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Diabetes
Diabetes education New cases of diabetes Overall cases of diagnosed diabetes Diagnosis of diabetes Diabetes deaths Diabetes-related deaths Cardiovascular disease deaths in persons with diabetes Gestational diabetes Foot ulcers Lower extremity amputations Annual urinary microalbumin measurement Annual glycosylated hemoglobin measurement Annual dilated eye examinations Annual foot examinations Annual dental examinations Aspirin therapy Self-blood-glucose-monitoring

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5-1.

Increase the proportion of persons with diabetes who receive formal diabetes education.
National Health Interview Survey (NHIS), CDC, NCHS. Behavioral Risk Factor Surveillance System (BRFSS), CDC, NCCDPHP. 17.14 (Diabetes and Chronic Disabling Conditions), age adjusted to 2000 standard population. Percent (age adjusted—see Comments). 45 (1998). Number of persons aged 18 years and older who report that they have ever been diagnosed with diabetes and have taken a course or class in diabetes self-management. Number of persons aged 18 years and older who report that they have ever been diagnosed with diabetes. U.S. civilian, noninstitutionalized population. From the 1998 National Health Interview Survey:

National Data Source State Data Source Healthy People 2000 Objective Measure Baseline Numerator

Denominator Population Targeted Questions Used To Obtain the National Data

[NUMERATOR:]  Have you ever taken a course or class in how to manage your diabetes yourself?

[DENOMINATOR:] [For females:]

 Other than during pregnancy, have you EVER been told
by a doctor or health professional that you have diabetes or sugar diabetes? [For males:]  Have you EVER been told by a doctor or health professional that you have diabetes or sugar diabetes? Yes No Borderline Don’t know Refused

Expected Periodicity

Periodic.

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Comments

Persons are considered to have diabetes if they respond ―yes‖ to either of the two questions listed above in the DENOMINATOR section. Those who respond ―borderline‖ are not included. Women who report that the only time they have been diagnosed with diabetes was during pregnancy (gestational diabetes) are also excluded. Data are age adjusted to the 2000 standard population. Age-adjusted percents are weighted sums of age-specific percents. For a discussion on age adjustment, see Part A, section 5. See Part C for a description of NHIS and BRFSS and Appendix A for focus area contact information.

  
5-2. Prevent diabetes.
National Health Interview Survey (NHIS), CDC, NCHS. Behavioral Risk Factor Surveillance System (BRFSS), CDC, NCCDPHP. 17.11 (Diabetes and Chronic Disabling Conditions) (also 2.24). Rate per 1,000 population (age adjusted, 3-year average—see Comments). 3.5 (1994–96). Number of persons aged 18 years and older who report being diagnosed with diabetes in the past 12 months. Number of persons aged 18 years and older. U.S. civilian, noninstitutionalized population. From the 1996 National Health Interview Survey:

National Data Source State Data Source Healthy People 2000 Objective Measure Baseline Numerator Denominator Population Targeted Questions Used To Obtain the National Data

 During the past 12 months did any one in the family
(read names) have diabetes? [If yes:]

o

Who was this?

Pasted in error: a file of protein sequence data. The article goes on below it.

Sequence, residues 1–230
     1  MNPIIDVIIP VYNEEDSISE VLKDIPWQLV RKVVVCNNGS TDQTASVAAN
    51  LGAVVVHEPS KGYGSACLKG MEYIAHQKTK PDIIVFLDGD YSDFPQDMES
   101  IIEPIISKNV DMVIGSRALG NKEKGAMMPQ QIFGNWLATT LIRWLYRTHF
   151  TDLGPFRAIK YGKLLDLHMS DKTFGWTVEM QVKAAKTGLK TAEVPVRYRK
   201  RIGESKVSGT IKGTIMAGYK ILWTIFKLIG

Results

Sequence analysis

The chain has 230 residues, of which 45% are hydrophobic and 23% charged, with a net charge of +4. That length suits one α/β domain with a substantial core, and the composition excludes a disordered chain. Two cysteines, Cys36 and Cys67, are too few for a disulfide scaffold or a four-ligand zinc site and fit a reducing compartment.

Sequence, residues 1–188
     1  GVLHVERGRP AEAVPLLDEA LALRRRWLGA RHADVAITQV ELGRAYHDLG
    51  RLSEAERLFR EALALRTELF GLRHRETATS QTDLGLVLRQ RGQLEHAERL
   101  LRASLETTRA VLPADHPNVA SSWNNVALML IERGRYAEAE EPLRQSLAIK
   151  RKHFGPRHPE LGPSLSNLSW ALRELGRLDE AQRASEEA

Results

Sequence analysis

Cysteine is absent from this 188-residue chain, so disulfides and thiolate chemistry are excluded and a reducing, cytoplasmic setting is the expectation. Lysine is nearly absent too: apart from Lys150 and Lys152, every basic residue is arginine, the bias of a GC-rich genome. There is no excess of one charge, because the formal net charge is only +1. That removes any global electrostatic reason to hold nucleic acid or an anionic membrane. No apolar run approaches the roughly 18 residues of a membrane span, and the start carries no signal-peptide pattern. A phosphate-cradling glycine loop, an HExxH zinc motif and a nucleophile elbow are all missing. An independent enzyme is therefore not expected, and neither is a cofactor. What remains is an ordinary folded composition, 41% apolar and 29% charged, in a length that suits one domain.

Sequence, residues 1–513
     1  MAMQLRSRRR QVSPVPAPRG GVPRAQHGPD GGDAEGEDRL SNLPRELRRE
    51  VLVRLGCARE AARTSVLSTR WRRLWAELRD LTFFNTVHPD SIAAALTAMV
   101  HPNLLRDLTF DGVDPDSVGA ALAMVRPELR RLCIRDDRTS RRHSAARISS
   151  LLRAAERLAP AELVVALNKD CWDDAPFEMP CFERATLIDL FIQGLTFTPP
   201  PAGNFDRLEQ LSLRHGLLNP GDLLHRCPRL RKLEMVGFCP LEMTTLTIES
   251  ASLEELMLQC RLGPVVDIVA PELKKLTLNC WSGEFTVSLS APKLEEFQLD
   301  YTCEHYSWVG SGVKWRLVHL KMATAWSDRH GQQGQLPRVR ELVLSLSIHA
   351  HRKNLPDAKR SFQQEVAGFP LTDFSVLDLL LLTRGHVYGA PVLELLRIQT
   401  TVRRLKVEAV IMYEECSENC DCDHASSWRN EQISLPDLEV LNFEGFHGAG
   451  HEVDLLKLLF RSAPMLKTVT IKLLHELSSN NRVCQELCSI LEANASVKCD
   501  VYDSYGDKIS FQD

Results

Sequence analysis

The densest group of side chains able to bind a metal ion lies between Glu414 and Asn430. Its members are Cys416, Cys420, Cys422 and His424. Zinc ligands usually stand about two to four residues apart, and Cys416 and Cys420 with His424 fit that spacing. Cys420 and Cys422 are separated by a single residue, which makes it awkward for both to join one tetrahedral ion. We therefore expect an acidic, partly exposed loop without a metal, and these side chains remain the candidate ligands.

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o

When was diabetes first noticed? (1) Within the past 2 weeks (2) 2 weeks to 3 months (3) Over 3 months to 1 year (4) Over 1 year to 5 years (5) Over 5 years

Expected Periodicity Comments

Annual. Respondents who reported that the diabetes was first noticed within the past year (responses 1 through 3 listed above) are considered to have been diagnosed with diabetes in the past 12 months. The measure uses a 3-year moving average to reliably report data for select population groups that have small sample sizes. NHIS was redesigned in 1997. Diabetes incidence questions were not included in the 1997 or 1998 data collection years. The 1999 NHIS includes questions on diabetes incidence. Data are age adjusted to the 2000 standard population. Age-adjusted rates are weighted sums of age-specific rates. For a discussion on age adjustment—see Part A, section 5. See Part C for a description of NHIS and BRFSS and Appendix A for focus area contact information.

  
5-3. Reduce the overall rate of diabetes that is clinically diagnosed.
National Health Interview Survey (NHIS), CDC, NCHS. Behavioral Risk Factor Surveillance System (BRFSS), CDC, NCCDPHP. 17.11 (Diabetes and Chronic Disabling Conditions) (also 2.24), age adjusted to the 2000 population. Rate per 1,000 population (age adjusted—see Comments). 40 (1997). Number of persons who report ever being diagnosed with diabetes.

National Data Source State Data Source Healthy People 2000 Objective Measure Baseline Numerator

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Denominator Population Targeted Questions Used To Obtain the National Data

Number of persons. U.S. civilian, noninstitutionalized population. From the 1997 National Health Interview Survey:

[For children under 18 years:]  Has a doctor or health professional told you that {sample child} has any of these conditions? [List of conditions includes diabetes] [For adults 18 years and older:] [For females:]

 Other than during pregnancy, have you EVER been told
by a doctor or health professional that you have diabetes or sugar diabetes? [For males:]  Have you EVER been told by a doctor or health professional that you have diabetes or sugar diabetes? Yes No Borderline Don’t know Refused